So, in the end, the collection was split up. But we can report that the C-type, D-type and iconic transporter were bought by one newcomer to the market from the other side of the Atlantic.

Pity the poor vendor whose car falls immediately after such a dramatic bidding battle. Last night this was the unlucky owner of the 1949 Talbot Lago T26 Record Cabriolet, which failed to sell amidst the post-transporter hubbub.

Robert Brooks attempts flight - anything for one more bid, and it worked

The event commenced with a 1968 Aston Martin DB6 Vantage going to the London trade for £180,700, and later on achieved what must be a World Record at auction for a pre-War Aston Martin when the 1934 Ulster sold for £1,300,700. Some in the room were surprised. This writer was not, given the model's fine lines, blue-blooded lineage, useful performance, eligibility for so many prestige events and, to be frank, excellent value compared with similar-era Bugattis and Alfas. The DB4GT perhaps suffered from a similar fate to the Talbot Lago, achieving a relatively sensible £1.57m, but at least its new, TV and radio personality owner will have a companion for his Zagato-bodied version (as well as moving on his 2.5-litre SS100 the same afternoon).

One can only raise an eyebrow at the bravery of investing £617,500 in something which redefines 'limited usability'. At least the vendor persuaded Bonhams to offer their ex-Schumacher 1994 Benetton-Cosworth Ford B194 Formula 1 car, as it had been declined entry at another recent top-level London sale for this very reason. Nevertheless, someone was prepared to pay the equivalent of TWO 1973 Carrera RSs or a matching set of 'Daytona' and Dino Ferraris for it. Perhaps Bernie felt sorry for the vendor?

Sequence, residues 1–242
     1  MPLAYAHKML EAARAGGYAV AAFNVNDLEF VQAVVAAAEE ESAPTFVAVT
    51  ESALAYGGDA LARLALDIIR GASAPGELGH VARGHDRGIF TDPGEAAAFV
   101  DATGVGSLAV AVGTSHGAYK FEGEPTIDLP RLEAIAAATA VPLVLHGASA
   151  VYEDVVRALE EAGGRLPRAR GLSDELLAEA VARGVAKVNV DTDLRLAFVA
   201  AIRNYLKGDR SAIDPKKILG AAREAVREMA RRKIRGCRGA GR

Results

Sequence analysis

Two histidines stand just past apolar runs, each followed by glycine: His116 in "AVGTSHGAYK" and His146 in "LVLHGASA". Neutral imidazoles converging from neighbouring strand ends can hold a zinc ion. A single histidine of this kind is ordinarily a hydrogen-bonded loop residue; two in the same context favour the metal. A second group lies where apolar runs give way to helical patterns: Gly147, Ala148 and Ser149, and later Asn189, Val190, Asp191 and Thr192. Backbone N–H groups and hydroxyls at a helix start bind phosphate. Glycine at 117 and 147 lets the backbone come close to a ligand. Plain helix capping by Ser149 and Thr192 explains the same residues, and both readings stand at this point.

Rivals, former colleagues... everyone turned out to watch
Telephone bidders were active, especially from the US

Looking at some of the older cars, Brooks was adamant that the 1903 Clément 12/16-hp Rear-Entrance Tonneau was good value. At £348,700 I'll take his word for it - and expect to see it on next year's London to Brighton Run. Someone clearly wanted the 1938 BMW 328 from the late, great John Coombs' estate as Brooks' commission bid trumped anything the packed room or 'phone could throw at it. It sold for £785,500, and we'd still consider that decent value. Coombs' 1952 Frazer Nash Targa Florio (wrong colour, less than-perfect replacement body) went for £270,300 to a trade friend of the late garage-owner, racing driver and entrant.